Subject: Re: How do I pass the name of an instance variable into an
object?

On Wed, Dec 31, 2008 at 9:18 PM, Glenn removed_email_address@domain.invalid wrote:

end
x.print_instance_variables(:b) # writes the value of @b to the console
x.print_instance_variables(:a, :b) # writes the values of @a and @b to the console
x.print_instance_variables(:z) # causes an exception because there is no@z

Any suggestions would be greatly appreciated.

class SomeClass
def initialize
@a = 1
@b = ‘xxx’
end

def print_instance_variables( *args )
args.each do |arg|
raise unless instance_variable_defined?( “@#{ arg }” )
puts self.instance_variable_get( “@#{ arg }” )
end
end

end

x = SomeClass.new
x.print_instance_variables( :a )
x.print_instance_variables( :b )
x.print_instance_variables( :a, :b )
x.print_instance_variables( :z )


#6

i just tried putting everything together and it worked great.
I thought i will share the consolidated code, so here it is:

class SomeClass
def initialize
@first = ‘first variable’
@second = ‘second variable’
end

def print_instance_variable(*args)
args.each do |arg|
begin
raise unless instance_variable_defined?("@#{arg}")
puts self.instance_variable_get("@#{arg}")
rescue => ex
puts “#{ex.class}: #{ex.message}”
end
end
end

def add_instance_variable(name, initial_value)
raise if instance_variable_defined?("@#{name}")
self.instance_variable_set("@#{name}", “#{initial_value}”)
end
end

x = SomeClass.new
x.print_instance_variable(:first)
x.print_instance_variable(:second)

puts “\n****************** printing both values in one method call
*************”
x.print_instance_variable :first, :second

puts “\n*************** should throw an exception, because the
instance variable is undefined **************”
x.print_instance_variable :third

x.add_instance_variable(:third, “third value”)

puts “\n*************** should print the third instance
variable**************”
x.print_instance_variable :third


#7

Glenn wrote:

Can anyone tell me how I could create a method that would allow me to add
instance variables to an object?

object.instance_variable_set(:@variable_name, “value”)

HTH,
Sebastian


#8

Glenn wrote:

I think that this is because of the quotes around initial_value in this
line:
self.instance_variable_set("@#{name}", “#{initial_value}”)
[…]
Do you think that there is any harm in leaving those quotes off?

Not at all. The only reason for them to be there in the first place
would be
to convert the value to a string (though initial_value.to_s would be a
more
readable way to do the same thing, in my opinion). Since you don’t want
that,
there is no downside to removing them.

HTH,
Sebastian


#9

Excellent! Thanks so much for your help.

I noticed that the class of the variable always seems to be String when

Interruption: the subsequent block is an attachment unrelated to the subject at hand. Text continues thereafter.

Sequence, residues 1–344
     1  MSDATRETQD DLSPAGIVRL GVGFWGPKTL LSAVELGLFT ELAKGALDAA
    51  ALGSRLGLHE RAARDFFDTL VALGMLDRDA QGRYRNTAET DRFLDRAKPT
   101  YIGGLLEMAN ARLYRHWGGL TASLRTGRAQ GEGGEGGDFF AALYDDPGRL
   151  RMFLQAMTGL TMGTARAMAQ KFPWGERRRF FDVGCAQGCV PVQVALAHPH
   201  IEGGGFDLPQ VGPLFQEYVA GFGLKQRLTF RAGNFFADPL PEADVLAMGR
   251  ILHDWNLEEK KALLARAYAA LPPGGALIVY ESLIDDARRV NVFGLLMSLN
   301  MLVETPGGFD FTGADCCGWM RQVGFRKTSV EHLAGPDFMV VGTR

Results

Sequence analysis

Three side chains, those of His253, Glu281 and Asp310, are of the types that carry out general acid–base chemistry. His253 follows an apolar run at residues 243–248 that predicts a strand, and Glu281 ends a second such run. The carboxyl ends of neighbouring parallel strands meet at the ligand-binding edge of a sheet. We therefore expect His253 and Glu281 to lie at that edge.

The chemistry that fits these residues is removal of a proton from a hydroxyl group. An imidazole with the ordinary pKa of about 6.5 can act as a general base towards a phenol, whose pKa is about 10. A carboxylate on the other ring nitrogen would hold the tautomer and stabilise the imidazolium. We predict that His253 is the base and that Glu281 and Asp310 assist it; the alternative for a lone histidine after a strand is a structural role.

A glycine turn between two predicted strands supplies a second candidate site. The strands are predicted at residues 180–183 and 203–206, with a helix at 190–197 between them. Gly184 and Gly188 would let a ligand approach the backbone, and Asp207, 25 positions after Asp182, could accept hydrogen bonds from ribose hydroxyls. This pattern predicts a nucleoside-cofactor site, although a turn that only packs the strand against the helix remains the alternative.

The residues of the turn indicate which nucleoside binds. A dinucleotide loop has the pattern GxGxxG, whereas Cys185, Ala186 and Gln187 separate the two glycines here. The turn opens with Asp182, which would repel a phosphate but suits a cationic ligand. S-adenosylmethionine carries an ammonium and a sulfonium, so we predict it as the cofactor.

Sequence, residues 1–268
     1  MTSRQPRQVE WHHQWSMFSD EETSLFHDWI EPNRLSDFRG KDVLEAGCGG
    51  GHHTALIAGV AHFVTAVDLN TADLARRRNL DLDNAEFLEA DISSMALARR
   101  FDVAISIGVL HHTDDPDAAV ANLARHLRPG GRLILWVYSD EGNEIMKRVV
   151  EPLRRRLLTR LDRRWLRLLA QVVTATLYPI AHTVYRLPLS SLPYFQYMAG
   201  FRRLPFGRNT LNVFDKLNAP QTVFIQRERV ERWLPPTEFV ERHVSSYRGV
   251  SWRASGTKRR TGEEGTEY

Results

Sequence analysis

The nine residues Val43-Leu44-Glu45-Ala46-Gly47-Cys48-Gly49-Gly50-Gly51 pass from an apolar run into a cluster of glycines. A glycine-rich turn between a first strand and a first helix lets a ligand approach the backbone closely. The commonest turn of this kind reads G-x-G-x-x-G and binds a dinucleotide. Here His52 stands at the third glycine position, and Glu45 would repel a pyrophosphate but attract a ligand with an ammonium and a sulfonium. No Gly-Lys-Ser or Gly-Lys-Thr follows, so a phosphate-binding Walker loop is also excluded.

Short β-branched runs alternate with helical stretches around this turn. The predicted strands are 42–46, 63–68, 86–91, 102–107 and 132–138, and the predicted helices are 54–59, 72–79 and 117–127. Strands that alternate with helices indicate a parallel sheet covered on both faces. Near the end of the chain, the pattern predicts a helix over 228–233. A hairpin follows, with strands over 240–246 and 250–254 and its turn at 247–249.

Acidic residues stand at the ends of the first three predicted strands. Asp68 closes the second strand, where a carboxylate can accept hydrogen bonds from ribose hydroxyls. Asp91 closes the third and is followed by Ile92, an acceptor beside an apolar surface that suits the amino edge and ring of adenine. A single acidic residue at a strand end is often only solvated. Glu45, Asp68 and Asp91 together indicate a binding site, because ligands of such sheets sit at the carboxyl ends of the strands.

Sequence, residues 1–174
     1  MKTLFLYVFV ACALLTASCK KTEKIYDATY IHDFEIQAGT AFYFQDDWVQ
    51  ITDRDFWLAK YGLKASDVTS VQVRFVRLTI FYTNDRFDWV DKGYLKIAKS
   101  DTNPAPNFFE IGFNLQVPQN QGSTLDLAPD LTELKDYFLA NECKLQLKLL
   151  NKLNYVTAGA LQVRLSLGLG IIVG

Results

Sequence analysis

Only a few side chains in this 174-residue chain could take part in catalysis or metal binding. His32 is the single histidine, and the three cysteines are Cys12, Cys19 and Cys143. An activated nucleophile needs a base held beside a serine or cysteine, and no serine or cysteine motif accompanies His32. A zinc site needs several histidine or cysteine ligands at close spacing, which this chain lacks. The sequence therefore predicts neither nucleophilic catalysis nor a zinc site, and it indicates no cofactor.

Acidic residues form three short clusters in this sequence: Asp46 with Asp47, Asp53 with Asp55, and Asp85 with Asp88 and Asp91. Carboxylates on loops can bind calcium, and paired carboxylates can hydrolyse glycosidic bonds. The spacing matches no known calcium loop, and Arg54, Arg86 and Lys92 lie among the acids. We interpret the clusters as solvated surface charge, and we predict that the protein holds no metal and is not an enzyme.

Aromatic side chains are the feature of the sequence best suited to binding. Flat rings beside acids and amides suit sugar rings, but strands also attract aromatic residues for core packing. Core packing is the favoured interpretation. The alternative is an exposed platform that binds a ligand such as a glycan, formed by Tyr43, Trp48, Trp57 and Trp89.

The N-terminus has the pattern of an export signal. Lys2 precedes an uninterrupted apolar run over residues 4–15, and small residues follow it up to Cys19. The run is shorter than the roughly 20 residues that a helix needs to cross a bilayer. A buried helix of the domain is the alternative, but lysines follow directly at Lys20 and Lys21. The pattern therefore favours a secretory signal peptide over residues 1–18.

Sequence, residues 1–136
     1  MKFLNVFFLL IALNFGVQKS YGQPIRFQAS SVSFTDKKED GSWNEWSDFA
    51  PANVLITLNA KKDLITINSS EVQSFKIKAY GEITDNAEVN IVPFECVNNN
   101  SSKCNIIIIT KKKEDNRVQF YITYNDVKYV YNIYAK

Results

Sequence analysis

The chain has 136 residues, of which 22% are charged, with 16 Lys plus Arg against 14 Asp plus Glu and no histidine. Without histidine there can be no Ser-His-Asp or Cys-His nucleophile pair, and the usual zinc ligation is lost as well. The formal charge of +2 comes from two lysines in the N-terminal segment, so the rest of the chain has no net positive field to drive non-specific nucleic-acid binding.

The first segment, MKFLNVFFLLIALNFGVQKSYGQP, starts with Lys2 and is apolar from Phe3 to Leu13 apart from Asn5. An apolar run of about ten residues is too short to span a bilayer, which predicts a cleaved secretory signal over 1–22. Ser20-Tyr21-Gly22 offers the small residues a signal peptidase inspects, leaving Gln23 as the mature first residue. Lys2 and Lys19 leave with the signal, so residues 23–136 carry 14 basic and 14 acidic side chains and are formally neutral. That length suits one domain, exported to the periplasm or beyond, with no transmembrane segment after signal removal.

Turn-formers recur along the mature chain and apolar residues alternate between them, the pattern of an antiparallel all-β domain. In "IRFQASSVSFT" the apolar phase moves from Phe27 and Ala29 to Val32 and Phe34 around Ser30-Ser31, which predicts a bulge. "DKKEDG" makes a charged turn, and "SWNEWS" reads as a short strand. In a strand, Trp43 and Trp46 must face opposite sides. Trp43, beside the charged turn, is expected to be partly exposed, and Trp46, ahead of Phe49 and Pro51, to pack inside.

I use add_instance_variable. When I use instance_variable_set, though
it seems to preserve the class of the object in thee 2nd parameter.

In this case, x is a Fixnum:

s = SomeClass.new
s.instance_variable_set(’@x’, 22)

In this case, though, x is a String:

s = SomeClass.new
s.add_instance_variable(:x, 22)

I think that this is because of the quotes around initial_value in this
line:

self.instance_variable_set("@#{name}", “#{initial_value}”)

When I rewrote the line as:

self.instance_variable_set("@#{name}", initial_value )

It maintains the original class of that 2nd parameter. Do you think
that there is any harm in leaving those quotes off?

Glenn


From: Suman G. removed_email_address@domain.invalid
To: ruby-talk ML removed_email_address@domain.invalid
Sent: Thursday, January 1, 2009 12:46:51 PM
Subject: Re: How do I pass the name of an instance variable into an
object?

i just tried putting everything together and it worked great.
I thought i will share the consolidated code, so here it is:

class SomeClass
def initialize
@first = ‘first variable’
@second = ‘second variable’
end

def print_instance_variable(*args)
args.each do |arg|
begin
raise unless instance_variable_defined?("@#{arg}")
puts self.instance_variable_get("@#{arg}")
rescue => ex
puts “#{ex.class}: #{ex.message}”
end
end
end

def add_instance_variable(name, initial_value)
raise if instance_variable_defined?("@#{name}")
self.instance_variable_set("@#{name}", “#{initial_value}”)
end
end

x = SomeClass.new
x.print_instance_variable(:first)
x.print_instance_variable(:second)

puts “\n****************** printing both values in one method call
*************”
x.print_instance_variable :first, :second

puts “\n*************** should throw an exception, because the
instance variable is undefined **************”
x.print_instance_variable :third

x.add_instance_variable(:third, “third value”)

puts “\n*************** should print the third instance
variable**************”
x.print_instance_variable :third